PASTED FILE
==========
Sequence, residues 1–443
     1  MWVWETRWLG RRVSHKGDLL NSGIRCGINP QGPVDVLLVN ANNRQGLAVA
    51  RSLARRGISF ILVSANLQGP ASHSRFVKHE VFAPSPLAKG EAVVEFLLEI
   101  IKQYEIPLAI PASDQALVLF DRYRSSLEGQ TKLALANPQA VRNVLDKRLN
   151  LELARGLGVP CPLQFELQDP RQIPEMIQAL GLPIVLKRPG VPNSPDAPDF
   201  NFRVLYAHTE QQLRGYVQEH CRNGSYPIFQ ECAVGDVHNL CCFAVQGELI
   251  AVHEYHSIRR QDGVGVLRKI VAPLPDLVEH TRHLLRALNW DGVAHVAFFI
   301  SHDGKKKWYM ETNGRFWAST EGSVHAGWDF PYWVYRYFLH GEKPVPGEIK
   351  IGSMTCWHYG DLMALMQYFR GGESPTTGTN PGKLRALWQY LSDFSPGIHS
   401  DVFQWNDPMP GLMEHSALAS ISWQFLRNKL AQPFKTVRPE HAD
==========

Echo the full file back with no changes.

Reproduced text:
Sequence, residues 1–443
     1  MWVWETRWLG RRVSHKGDLL NSGIRCGINP QGPVDVLLVN ANNRQGLAVA
    51  RSLARRGISF ILVSANLQGP ASHSRFVKHE VFAPSPLAKG EAVVEFLLEI
   101  IKQYEIPLAI PASDQALVLF DRYRSSLEGQ TKLALANPQA VRNVLDKRLN
   151  LELARGLGVP CPLQFELQDP RQIPEMIQAL GLPIVLKRPG VPNSPDAPDF
   201  NFRVLYAHTE QQLRGYVQEH CRNGSYPIFQ ECAVGDVHNL CCFAVQGELI
   251  AVHEYHSIRR QDGVGVLRKI VAPLPDLVEH TRHLLRALNW DGVAHVAFFI
   301  SHDGKKKWYM ETNGRFWAST EGSVHAGWDF PYWVYRYFLH GEKPVPGEIK
   351  IGSMTCWHYG DLMALMQYFR GGESPTTGTN PGKLRALWQY LSDFSPGIHS
   401  DVFQWNDPMP GLMEHSALAS ISWQFLRNKL AQPFKTVRPE HAD